My current wip is set in 1809, and takes place almost entirely in England. The next one will be a sequel, still set in England. At some point however I would like to write something set in France during the Revolution, simply because I love the French Revolutionary Calendar so very much.
Unlike the usual Western calendar, which is built from months cobbled together from the self-regard of Roman Emperors, a counting system that has not moved with the times, and some odd gods and festivals and days named after another ragbag of old gods and heavenly bodies, the French Revolutionary Calendar was the product of careful and logical thought by a small committee containing two mathematicians (Gaspard Monge and Gilbert Romme), two poets (Fabre d'Eglantine and Andre-Marie de Chenier) and an artist (Jacques-Louis David).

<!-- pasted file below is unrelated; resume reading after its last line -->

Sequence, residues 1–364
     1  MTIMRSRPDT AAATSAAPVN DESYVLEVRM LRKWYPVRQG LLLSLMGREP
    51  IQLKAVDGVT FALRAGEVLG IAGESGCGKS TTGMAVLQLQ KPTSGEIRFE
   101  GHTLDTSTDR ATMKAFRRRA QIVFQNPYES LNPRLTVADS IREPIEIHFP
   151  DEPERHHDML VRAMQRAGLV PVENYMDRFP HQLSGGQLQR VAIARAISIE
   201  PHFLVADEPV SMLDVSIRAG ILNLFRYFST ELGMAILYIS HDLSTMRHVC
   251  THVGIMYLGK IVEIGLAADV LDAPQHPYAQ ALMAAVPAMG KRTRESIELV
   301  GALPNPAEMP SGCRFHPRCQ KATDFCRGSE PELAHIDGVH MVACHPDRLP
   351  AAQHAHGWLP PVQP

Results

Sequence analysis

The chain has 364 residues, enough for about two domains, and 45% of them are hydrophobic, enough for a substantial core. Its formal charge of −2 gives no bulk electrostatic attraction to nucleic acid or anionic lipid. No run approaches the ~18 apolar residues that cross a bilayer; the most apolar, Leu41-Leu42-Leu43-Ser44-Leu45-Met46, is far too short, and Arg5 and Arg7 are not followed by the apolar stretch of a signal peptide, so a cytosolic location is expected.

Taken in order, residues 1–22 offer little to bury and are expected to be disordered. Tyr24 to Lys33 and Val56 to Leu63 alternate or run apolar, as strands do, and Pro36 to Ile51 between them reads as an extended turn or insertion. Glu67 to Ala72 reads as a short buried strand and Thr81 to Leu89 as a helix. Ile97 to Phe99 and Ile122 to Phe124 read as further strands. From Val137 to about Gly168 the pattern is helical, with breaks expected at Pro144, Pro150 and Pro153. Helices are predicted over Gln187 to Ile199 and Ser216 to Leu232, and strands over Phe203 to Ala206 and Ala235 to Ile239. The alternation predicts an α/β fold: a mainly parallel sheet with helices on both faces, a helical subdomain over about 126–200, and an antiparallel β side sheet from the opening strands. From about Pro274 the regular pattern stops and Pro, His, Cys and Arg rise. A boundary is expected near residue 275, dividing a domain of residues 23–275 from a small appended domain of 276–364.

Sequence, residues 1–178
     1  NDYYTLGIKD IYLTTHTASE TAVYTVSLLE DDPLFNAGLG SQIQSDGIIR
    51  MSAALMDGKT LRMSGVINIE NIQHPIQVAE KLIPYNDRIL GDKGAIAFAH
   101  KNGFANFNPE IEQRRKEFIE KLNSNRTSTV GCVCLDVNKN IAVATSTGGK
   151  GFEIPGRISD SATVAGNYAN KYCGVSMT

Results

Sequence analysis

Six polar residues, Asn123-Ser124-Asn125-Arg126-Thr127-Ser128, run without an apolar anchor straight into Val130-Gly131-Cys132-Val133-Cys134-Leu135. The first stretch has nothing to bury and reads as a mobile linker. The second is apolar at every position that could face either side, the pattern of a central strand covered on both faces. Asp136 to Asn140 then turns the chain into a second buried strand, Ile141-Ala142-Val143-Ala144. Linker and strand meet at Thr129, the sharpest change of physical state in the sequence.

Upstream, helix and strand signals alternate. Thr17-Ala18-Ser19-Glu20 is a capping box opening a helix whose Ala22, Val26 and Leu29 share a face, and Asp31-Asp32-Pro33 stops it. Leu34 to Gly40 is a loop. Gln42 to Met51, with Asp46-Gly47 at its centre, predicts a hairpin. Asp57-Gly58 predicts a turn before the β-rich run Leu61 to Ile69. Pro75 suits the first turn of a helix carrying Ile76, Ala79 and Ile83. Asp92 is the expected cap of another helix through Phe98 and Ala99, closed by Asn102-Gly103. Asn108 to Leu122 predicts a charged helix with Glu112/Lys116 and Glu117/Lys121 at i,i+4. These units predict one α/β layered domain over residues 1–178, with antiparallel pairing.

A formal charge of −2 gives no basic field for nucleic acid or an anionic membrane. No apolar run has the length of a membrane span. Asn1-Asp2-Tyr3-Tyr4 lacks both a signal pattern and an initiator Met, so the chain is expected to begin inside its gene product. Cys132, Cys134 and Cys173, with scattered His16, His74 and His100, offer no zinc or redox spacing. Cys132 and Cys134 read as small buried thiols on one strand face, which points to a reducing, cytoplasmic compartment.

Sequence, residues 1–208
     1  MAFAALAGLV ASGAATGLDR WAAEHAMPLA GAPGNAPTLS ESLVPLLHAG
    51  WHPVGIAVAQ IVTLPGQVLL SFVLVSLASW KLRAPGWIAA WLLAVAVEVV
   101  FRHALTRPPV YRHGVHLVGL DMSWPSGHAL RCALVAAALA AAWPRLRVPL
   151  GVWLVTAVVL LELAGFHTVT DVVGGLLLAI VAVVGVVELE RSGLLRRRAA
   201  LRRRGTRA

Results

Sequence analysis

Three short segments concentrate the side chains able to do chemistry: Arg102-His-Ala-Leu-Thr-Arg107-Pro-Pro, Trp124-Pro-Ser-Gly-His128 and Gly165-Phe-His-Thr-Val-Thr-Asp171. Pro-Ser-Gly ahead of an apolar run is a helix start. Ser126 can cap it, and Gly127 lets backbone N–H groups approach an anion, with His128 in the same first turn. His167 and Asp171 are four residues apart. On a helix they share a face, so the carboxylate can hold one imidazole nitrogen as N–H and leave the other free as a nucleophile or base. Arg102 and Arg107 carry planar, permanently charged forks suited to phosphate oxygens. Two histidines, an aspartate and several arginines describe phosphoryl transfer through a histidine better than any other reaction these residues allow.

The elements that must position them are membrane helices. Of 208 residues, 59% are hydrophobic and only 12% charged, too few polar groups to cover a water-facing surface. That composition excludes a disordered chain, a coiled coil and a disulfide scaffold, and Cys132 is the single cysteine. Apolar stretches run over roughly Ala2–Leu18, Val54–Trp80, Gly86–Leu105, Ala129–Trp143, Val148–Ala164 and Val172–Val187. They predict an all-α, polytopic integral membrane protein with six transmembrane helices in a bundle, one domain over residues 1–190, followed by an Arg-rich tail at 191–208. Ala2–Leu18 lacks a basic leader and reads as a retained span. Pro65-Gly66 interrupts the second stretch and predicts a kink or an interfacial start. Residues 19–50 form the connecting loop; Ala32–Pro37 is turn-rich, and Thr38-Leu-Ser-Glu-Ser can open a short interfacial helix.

The months reflect the natural year; the fog of Brumaire gives way to the cold of Frimaire while the wind of Ventôse is followed by the sprouting of seeds in Germinal and their flowering in Floréal. We wouldn't have to worry about whether there were 30 or 31 days in each month - each month is always 30 days long.
The French Revolutionary Calendar ended each year with the month of Fructidor, the harvest month. Then came five days (or six in Leap Years) that were a universal holiday. Each day was a celebration of a different feature - Virtue, Genius, Labour, Opinion, Rewards and, every four years, Revolution.
Today would be 11 Thermidor, in the 213th year of the Calendar. So much more fun than 30 July.